A proposal to allow bicycles on footpaths should not be seen as a charter for cyclists to pedal as they please. On the contrary, creating cyclist- friendly networks must be bound with the safety- conscious use of all paths.
No pedestrian, particularly the vulnerable, should have to fear the assertion of machines in shared spaces. After all, even on paths reserved for cyclists, common sense would dictate that users look out for one another. Just as cyclists often decry motorists who do not look out for them, so too must they bear in mind the vulnerabilities of pedestrians.
Of course, dedicated cycling lanes would minimise such risks, but providing such infrastructure everywhere would not be possible in land-starved Singapore. Hence the only route towards becoming a cycling nation, akin to the cities of Amsterdam and Copenhagen, is for all to embrace a code of conduct, as recommended by a panel, that puts a higher value on the welfare of others than on arriving expeditiously at a destination. If such a code is observed more in the breach than in the promise, then traffic rules must be enforced vigorously. And if nabbing offenders proves to be somewhat of a cat-and-mouse game, one might have to rely on the deterrent effect of strict liability laws that presume the dominant path user is at fault, barring evidence to the contrary.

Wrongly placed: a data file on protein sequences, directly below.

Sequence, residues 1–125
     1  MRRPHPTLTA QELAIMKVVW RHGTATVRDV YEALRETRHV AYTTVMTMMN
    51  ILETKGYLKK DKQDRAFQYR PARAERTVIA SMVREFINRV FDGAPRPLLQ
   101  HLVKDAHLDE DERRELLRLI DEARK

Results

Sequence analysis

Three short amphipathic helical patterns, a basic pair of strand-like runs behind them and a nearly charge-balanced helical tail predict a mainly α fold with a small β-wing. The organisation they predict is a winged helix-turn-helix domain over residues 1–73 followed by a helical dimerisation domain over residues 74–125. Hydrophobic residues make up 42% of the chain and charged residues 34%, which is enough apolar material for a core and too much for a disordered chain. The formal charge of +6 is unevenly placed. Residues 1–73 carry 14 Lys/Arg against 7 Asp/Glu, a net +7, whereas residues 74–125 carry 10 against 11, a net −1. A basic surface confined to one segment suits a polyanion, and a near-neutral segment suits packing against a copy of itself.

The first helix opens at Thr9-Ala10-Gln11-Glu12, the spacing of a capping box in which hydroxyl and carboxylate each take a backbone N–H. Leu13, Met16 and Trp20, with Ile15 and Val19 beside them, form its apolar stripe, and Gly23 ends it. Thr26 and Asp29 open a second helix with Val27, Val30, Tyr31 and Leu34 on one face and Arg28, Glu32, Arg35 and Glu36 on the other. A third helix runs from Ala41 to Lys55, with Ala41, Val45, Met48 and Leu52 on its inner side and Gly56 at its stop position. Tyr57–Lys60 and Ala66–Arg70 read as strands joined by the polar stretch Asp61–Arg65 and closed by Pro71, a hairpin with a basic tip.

Of course, one would not want to get to the point where footpaths are so cumbersome to negotiate that people are put off from cycling. Simple traffic management at busy areas, facilitated perhaps by neighbourhood volunteers and the biking community - and much patience all round - might help people to take turns so all can move efficiently.